Tuesday, September 16, 2014

Am I Required to Show Police My ID in California?

Actress Danielle Watts had an unfortunate encounter with some of LA's finest last weekend, after someone called 911 to report suspected prostitution in a parked car.  Apparently, the Django Unchained actress, who is black, was sitting in the vehicle and kissing her boyfriend, who is white. Police responded to the scene and conducted a cursory investigation before determining that no crime had been committed.

During the course of their investigation, police requested Ms. Watts' ID.  When she refused to provide one, she was briefly handcuffed and placed into the back of a squad car.  Eventually, her boyfriend produced her driver's license and she was released.  Her refusal to provide ID has raised a lot of commentary from legal analysts, amateur and professional alike.  What legal authority do police have to request ID from adults in public places?  What rights do I have if I refuse to provide one?  Put simply, am I required to show my ID to police upon demand in California?

The answer, like almost everything else in the law, is "it depends".

In most situations, you have no legal obligation to show your ID to police in California -- that is, you will not be arrested simply for the crime of "refusing to produce ID upon demand of a peace officer". An exception exists if you are operating a motor vehicle.  Of course, cops can demand to see your driver's license if you're observed committing some kind of traffic violation in your car.  Refusal to provide your driver's license after a traffic stop will result in a citation or arrest.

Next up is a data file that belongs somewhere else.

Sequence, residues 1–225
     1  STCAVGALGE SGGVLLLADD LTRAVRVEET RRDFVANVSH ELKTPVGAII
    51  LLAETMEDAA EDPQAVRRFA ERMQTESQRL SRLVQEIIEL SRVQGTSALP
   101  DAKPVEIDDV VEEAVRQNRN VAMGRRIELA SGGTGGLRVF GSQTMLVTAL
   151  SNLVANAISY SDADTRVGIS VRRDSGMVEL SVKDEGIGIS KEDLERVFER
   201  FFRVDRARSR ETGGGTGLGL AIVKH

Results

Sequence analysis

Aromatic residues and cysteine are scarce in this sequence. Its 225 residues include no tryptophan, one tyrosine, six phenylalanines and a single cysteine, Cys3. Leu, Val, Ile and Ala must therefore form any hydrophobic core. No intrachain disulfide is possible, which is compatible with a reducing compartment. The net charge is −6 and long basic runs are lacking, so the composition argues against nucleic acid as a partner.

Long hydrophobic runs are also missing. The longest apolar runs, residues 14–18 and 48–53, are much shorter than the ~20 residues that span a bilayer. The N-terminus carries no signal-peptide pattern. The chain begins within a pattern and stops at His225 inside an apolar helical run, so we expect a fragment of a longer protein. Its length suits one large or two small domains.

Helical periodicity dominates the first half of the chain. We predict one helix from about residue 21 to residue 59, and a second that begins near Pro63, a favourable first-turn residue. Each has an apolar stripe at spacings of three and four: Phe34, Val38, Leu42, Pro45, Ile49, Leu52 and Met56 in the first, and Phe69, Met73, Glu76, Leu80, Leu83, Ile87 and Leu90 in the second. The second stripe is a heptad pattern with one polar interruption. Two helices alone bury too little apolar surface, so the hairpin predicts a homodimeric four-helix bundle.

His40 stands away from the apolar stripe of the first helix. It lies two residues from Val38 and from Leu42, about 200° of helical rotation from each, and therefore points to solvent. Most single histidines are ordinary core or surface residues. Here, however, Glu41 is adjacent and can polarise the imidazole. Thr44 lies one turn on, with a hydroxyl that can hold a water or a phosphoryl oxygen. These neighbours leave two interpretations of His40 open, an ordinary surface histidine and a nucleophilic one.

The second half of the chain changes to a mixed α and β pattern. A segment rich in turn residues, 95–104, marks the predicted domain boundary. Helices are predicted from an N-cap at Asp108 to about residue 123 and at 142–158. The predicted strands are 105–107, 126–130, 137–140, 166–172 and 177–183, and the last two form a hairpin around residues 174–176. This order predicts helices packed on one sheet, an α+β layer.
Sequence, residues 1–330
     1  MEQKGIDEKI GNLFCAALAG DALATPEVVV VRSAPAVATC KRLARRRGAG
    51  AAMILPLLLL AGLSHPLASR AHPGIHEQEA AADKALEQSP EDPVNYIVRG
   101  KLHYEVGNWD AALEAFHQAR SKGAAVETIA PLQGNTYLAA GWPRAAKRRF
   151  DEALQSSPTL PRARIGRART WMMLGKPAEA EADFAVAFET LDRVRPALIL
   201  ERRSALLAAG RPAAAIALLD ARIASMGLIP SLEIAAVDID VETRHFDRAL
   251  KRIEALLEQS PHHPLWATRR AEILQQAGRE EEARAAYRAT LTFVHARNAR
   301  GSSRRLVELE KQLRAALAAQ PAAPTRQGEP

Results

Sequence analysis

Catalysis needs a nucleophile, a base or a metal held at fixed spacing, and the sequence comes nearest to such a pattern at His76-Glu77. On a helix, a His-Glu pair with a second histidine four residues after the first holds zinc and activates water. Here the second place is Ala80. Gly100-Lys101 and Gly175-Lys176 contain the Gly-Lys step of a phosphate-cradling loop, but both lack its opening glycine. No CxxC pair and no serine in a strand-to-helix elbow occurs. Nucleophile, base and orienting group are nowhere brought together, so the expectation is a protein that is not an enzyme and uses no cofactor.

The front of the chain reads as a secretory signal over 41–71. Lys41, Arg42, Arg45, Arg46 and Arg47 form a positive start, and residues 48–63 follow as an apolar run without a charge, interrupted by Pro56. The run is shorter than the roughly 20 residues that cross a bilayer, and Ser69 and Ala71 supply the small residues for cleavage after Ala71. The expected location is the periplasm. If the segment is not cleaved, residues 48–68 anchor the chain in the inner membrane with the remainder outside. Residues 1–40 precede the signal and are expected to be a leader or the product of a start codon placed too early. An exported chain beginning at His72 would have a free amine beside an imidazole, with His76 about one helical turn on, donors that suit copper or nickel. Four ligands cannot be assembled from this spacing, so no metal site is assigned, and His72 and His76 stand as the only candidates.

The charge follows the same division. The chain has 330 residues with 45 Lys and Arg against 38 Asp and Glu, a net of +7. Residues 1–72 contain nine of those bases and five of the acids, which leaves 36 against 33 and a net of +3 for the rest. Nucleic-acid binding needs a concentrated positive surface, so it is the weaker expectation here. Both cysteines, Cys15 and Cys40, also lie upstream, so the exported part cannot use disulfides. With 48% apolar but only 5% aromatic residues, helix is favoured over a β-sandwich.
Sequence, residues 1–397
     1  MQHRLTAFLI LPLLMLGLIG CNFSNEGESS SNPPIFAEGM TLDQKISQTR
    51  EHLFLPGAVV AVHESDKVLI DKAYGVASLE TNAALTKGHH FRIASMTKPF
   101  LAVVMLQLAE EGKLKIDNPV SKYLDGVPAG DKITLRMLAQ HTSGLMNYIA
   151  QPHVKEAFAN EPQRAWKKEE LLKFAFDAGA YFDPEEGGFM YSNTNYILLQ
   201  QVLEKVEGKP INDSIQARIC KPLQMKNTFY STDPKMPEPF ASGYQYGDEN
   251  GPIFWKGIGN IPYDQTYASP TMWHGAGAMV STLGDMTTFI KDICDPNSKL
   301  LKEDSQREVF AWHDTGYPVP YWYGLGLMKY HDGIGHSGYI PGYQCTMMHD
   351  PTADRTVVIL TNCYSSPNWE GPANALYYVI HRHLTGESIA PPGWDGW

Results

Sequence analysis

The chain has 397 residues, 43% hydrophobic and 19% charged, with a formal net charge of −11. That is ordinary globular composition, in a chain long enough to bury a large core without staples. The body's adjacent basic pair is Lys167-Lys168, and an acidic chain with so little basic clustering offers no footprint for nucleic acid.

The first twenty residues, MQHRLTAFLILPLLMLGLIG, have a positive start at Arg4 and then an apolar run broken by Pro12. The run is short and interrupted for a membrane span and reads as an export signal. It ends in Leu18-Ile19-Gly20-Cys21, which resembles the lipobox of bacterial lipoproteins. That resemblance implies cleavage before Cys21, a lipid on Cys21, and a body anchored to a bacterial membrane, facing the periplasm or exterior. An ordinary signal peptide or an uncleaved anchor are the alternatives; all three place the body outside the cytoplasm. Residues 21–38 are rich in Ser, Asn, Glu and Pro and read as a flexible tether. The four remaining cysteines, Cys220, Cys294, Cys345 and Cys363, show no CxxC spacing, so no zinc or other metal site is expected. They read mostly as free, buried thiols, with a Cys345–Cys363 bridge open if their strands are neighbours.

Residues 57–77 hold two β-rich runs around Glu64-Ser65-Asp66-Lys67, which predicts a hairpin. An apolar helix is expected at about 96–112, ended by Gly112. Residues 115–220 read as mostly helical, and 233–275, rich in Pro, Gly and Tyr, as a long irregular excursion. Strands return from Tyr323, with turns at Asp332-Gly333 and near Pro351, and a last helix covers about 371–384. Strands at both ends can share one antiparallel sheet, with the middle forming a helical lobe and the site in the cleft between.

And then there's a lot of gray area.

Keep in mind, police can always ask to see your ID, just like they can ask you to make them a turkey sandwich.  You have no legal obligation to do either (under most circumstances).  The big question then becomes: what happens if I say "no"?

Police have authority to temporarily detain individuals if they have a "reasonable suspicion" that the subject might be engaged in some type of criminal activity.  These "temporary detentions" usually involve little more than checking ID and sending folks on their way.  "Reasonable" is the key word in these situations:  is the cop acting "reasonably" in suspecting that a subject might be involved in criminal activity?  Is the detention "reasonable" under the circumstances?  These questions obviously turn on the specifics of each case.

So, while you generally have no legal duty in California to show your ID to cops upon demand, refusal to do so may prolong your "temporary detention", as Ms. Watts recently learned.